When Hurricane Irene swept through the Northeast in 2011, it caused significant damage to Bushkill Creek, one of the few streams that feed directly into the Ashokan Reservoir in the Catskills. River banks were torn apart and the resulting erosion caused tainted water downstream. One Nature was invited to design a plan for restoring a severely impacted section of Bushkill Creek and the client, Ulster County, agreed to a state-of-the-art bioengineered design to restore a 6-acre section of river and banks. The Bushkill Creek Restoration Project will be completed in the fall of 2016.
Bioengineering—integrating nature into the landscape restoration design—is fast becoming a popular solution for regeneration because the methods are ecologically sound and result in long-lasting revitalization. Designs that are purely engineered, using only non-living materials, are strong at the time of completion but tend to fall apart over time. Bioengineered designs use living material and with time, a bioengineered system gains strength and lasting stability as plant roots take hold and integrate with structural supports. In fact, an engineered design was put in place shortly after Hurricane Irene and subsequently failed.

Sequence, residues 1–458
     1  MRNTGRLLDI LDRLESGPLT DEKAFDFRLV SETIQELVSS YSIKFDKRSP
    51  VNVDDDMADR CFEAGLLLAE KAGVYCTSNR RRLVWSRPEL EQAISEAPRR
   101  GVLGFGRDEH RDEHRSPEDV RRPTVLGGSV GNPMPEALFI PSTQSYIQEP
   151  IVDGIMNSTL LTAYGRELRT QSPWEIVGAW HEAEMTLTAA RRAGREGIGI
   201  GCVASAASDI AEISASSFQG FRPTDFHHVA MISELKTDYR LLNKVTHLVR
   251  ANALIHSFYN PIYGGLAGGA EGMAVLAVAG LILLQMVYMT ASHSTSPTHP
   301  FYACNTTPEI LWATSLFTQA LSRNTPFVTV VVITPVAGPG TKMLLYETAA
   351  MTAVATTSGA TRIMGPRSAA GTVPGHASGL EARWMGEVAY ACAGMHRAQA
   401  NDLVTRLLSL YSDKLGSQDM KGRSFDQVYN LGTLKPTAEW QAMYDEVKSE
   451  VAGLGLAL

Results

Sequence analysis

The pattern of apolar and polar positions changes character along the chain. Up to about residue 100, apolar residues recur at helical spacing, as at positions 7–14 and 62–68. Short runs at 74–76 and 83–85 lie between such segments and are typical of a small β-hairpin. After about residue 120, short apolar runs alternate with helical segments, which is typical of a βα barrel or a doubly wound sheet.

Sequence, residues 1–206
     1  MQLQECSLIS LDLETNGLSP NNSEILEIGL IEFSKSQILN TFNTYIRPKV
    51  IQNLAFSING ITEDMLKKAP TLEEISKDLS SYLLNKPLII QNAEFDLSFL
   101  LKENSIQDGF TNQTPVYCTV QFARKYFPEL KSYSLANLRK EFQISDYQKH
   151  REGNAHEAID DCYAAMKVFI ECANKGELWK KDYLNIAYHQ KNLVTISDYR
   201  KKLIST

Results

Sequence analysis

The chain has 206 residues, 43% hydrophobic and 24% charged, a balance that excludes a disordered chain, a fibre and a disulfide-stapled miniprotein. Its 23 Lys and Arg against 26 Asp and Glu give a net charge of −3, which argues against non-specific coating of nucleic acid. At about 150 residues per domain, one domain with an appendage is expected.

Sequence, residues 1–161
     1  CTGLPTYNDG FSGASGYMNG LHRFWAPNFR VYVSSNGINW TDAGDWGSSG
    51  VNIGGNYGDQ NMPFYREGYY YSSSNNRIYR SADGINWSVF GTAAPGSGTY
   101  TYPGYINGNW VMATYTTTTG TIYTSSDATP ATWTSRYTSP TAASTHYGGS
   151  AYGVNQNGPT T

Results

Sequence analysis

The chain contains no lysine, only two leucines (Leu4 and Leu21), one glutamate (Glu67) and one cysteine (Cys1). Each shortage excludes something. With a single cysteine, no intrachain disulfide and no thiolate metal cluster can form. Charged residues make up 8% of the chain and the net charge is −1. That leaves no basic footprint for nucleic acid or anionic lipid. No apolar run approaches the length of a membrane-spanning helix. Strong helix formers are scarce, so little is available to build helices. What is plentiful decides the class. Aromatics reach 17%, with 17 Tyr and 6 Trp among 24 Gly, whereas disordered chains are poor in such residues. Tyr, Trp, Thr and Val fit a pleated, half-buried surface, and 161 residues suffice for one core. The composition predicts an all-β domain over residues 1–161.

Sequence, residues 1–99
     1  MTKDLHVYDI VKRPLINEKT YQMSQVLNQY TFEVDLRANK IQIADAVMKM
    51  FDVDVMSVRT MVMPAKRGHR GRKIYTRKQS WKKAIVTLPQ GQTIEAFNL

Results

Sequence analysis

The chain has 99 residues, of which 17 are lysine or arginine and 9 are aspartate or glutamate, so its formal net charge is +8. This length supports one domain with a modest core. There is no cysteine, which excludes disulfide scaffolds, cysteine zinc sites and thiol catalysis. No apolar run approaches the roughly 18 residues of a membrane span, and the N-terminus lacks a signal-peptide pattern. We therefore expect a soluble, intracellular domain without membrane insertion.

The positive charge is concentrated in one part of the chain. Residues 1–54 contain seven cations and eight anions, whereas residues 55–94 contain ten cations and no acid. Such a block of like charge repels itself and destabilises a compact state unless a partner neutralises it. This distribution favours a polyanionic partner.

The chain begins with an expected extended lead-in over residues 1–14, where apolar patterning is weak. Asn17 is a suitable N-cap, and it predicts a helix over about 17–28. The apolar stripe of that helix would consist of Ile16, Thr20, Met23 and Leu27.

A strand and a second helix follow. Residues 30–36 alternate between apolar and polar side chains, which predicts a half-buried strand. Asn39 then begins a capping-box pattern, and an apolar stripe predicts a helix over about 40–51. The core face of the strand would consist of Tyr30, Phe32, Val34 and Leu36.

The first stage of the Bushkill Creek project will be to rebuild and fill in the left bank with soil since much of it was swept away by storm damage and erosion. Trench packing follows—a method of filling small holes in the contour of a stream bank with live branch cuttings and compacted soil to encourage plant growth and stop erosion. Once the soil is shaped, sloped, and trench packed, live stakes and live fascines will be inserted, both of which are instrumental to preventing further river bank erosion in bioengineered design. Live stakes are native, live woody cuttings with the branches trimmed. They soon grow a root mat that stabilizes the earth bed by binding soil particles together. These live stakes, once flourishing, also enhance the beauty of the site and provide a habitat for wildlife. Live fascines are bundles of live brushwood that provide immediate erosion protection. The fascines, which take hold quickly, will be planted parallel to the waterway on both sides of the stream and close to the water’s edge.